Brief Fact Summary.
Black’s estate filed a wrongful death suit in federal and state court.
Synopsis of Rule of Law.
A claim is not prevented under the doctrine of collateral estoppel if the claim was not an essential issue in a previous judgment.
Police officers (officrs) arrested Stemler following a drunken altercation including Stemler, Black, and Kritis. The officers put Black into Kritis’s truck, and Black was killed in a car crash. Black’s estate sued the police officers for wrongful death in state court and federal court. The circuit court granted summary judgment to the defendants and the appellate court reversed. The Kentucky Supreme Court reversed because Black was not in police custody. The district court held that Black’s estate was prevented from relitigating the claim regarding Black being in police custody.
Whether a judgment on a claim is prevented under the doctrine of collateral estoppel if the claim was not an essential issue in a previous judgment?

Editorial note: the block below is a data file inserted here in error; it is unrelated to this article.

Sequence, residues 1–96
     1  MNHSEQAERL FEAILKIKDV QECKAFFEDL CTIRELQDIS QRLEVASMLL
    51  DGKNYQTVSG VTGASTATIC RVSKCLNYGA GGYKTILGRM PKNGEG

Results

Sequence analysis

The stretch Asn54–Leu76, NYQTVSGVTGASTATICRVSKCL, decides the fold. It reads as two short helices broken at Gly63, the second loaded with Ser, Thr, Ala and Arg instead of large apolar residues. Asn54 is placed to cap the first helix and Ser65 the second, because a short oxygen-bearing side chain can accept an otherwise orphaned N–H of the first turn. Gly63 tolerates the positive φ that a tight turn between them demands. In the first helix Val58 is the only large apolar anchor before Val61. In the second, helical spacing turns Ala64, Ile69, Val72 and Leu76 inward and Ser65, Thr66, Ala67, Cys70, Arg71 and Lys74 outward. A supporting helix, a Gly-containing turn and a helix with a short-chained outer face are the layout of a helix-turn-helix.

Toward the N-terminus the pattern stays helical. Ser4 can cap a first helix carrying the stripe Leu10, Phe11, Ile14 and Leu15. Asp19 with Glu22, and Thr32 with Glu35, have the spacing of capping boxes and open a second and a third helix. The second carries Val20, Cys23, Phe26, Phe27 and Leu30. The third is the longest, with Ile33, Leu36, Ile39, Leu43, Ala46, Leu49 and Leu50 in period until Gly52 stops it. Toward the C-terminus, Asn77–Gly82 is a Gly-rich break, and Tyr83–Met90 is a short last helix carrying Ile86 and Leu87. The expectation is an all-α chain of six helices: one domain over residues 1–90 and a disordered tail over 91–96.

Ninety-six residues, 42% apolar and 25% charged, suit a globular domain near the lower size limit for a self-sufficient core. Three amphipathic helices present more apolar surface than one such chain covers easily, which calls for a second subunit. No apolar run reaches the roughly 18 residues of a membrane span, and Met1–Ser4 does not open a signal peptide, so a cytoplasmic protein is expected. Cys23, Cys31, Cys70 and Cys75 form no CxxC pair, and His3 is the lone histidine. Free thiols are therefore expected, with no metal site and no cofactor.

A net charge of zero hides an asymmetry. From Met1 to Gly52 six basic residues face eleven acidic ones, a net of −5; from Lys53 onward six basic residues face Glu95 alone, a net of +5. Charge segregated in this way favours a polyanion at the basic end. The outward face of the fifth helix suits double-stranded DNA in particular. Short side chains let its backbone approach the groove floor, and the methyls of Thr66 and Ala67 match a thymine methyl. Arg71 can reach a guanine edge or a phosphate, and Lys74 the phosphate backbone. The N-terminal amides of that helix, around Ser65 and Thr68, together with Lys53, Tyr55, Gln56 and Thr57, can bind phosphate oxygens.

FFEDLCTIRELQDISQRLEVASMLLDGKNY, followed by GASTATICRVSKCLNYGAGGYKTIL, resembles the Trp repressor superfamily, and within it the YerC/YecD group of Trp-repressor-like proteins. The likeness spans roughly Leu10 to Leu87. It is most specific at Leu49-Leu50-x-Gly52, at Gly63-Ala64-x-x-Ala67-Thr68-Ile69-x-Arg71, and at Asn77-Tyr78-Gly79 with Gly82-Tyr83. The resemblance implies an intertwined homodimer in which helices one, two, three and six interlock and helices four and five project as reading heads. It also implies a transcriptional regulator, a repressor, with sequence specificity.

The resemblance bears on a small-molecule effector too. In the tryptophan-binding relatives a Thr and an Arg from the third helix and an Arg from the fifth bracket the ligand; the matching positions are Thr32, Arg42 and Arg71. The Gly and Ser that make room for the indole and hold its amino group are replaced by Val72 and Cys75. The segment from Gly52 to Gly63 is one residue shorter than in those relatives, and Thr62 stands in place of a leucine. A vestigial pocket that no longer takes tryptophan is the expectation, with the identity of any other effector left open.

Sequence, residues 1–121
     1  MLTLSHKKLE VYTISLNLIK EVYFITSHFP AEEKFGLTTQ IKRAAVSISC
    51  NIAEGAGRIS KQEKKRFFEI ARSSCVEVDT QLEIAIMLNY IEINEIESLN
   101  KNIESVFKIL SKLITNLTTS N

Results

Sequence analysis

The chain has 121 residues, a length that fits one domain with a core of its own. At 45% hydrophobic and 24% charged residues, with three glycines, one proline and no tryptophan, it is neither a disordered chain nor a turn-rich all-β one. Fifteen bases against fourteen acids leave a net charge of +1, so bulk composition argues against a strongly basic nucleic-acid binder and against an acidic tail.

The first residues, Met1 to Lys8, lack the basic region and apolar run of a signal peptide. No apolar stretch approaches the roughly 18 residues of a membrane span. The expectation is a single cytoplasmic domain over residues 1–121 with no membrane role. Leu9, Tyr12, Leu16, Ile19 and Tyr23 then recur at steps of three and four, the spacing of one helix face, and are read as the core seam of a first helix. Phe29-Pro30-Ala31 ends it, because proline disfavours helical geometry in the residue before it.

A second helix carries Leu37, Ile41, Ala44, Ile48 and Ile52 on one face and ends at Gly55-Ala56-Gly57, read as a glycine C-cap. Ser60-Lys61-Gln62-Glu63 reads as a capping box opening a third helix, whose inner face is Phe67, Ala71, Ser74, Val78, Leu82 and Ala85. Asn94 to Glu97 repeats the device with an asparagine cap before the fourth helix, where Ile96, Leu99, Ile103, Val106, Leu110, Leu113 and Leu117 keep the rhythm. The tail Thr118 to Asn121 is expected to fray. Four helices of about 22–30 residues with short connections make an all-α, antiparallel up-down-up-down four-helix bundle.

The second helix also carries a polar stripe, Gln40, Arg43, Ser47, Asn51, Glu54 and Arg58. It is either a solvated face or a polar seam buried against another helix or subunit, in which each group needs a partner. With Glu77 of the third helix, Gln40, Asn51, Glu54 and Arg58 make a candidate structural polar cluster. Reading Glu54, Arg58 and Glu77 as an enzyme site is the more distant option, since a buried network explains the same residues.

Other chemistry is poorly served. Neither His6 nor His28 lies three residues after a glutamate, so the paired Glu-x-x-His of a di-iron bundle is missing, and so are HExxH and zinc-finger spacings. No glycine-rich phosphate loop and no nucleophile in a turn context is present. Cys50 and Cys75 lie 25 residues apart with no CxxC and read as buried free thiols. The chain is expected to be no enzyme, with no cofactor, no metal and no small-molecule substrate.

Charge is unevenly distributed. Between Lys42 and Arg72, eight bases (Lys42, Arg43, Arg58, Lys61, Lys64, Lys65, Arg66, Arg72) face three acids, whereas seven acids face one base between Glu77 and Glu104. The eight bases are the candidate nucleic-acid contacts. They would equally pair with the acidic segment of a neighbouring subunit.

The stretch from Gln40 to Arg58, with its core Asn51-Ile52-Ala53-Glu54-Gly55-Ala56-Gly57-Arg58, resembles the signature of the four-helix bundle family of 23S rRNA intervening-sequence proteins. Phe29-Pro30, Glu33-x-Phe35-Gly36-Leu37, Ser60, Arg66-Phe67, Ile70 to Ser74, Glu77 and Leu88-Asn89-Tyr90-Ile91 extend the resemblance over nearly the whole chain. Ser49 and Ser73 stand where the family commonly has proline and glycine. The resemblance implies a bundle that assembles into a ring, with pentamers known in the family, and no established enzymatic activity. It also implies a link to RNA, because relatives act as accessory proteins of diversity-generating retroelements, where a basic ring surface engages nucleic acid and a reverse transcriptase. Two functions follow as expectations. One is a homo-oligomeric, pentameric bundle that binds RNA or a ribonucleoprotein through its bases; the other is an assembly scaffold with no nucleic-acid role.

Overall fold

No. The judgment of the district court is reversed. A further holding that Black was not in police custody is not necessary because the state supreme court decided the question regarding whether Black was in custody.
If the injury alleged is distinct from that judgment, i.e., the party maintains an injury apart from the loss in state court and not inextricably intertwined with the state judgment, res judicata may apply, but Rooker-Feldman does not.View Full Point of Law
Issue preclusion does not apply where a claim was not a pertinent part of a previous judgment. Collateral estoppel will bar relitigation of the same issue if: (1) the issue was raised in an earlier proceeding, (2) the issue was actually litigated, (3) the issue was decided, (4) and the issue was necessary for the court to render judgment.